Watch Training Videos


Tap into Chuck's Trading Knowledge NOW!


MLP Portfolio Outperforms S&P 500

Master Limited Partnerships (MLPs) are similar to Real Estate Investment Trusts (REITs) in that they do not pay any income taxes. MLPs provide investors with attractive yields due to their special tax treatment. By law MLPs pay their profits directly to their shareholders. MLPs pay much bigger dividends than other dividend paying stocks because they pay no tax.

Due to their favorable tax treatment MLPs are ideal for the small investor. There are dozens of MLPs that have been delivering dependable returns to investors for many years.

In this video learn how a portfolio of MLPs produced an average return of 1,232% versus 9% for S&P 500 Index over the past ten years.


MLP Dividend Growth Produces 74% Annual Yield

Kinder Morgan LP is an example of a MLP that has rewarded its investors with an incredible flow of income. Kinder Morgan owns and manages oil and gas pipelines and storage facilities. Kinder Morgan is what is known as a 'midstream' pipeline company that profits from the stable flow of energy not from the price of crude oil. KMP is merely a 'toll road' company that transports energy which is a very stable business.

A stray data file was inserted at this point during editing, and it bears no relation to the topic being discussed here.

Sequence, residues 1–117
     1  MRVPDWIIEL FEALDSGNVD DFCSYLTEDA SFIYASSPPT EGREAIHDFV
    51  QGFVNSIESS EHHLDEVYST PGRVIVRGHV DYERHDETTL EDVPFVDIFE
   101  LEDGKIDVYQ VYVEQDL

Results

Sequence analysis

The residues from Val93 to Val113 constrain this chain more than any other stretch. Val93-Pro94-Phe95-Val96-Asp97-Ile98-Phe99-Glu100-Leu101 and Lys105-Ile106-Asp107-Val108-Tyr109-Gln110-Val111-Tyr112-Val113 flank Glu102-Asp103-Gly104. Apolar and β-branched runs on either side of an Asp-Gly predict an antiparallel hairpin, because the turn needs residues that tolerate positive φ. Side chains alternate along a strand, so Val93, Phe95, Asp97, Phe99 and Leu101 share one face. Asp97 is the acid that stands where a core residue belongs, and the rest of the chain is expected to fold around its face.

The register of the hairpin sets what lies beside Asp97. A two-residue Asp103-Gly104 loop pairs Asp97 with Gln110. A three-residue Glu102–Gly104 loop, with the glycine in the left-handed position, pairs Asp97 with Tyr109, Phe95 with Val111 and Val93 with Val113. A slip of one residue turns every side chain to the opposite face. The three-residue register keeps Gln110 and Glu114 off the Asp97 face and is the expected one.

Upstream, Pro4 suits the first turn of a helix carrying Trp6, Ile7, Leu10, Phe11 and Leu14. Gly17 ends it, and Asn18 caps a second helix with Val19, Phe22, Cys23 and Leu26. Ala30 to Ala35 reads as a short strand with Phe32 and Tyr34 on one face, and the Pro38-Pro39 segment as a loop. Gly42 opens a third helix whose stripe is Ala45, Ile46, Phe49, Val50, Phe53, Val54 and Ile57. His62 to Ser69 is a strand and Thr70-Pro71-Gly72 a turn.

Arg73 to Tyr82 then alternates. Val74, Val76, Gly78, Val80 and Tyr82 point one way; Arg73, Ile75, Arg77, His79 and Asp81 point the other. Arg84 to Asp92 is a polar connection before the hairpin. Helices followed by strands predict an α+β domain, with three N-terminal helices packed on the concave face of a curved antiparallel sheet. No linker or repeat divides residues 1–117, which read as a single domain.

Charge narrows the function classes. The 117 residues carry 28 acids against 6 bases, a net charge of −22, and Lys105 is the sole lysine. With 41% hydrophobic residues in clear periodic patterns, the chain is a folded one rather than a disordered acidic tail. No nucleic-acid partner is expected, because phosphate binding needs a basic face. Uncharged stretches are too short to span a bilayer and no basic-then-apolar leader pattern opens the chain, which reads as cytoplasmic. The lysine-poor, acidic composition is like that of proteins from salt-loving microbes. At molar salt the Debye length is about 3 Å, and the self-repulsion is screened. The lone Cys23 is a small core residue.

Although the energy toll road business is very dependable, Kinder Morgan LP has been able to consistently raise its annual distributions (dividends). The graph below displays the total distributions paid out for a $25,000 investment in Kinder Morgan LP 15 years ago. Kinder Morgan has paid out an incredible $169,925 in cash distributions on a $25,000 investment.

The increase in distributions would result in current annual distributions of $18,612 for a $25,000 investment. $18,612 in cash distributions on a $25,000 investment translates to a 74% annual yield. Imagine receiving a 74% annual yield from company in such a stable industry. Keep in mind that this 74% annual yield does not include stock price appreciation and is strictly a 'cash on cash' return. Also, the $169,925 in cash distributions would be considerably higher if quarterly distributions were reinvested in additional shares of stock which would allow for compounding of returns.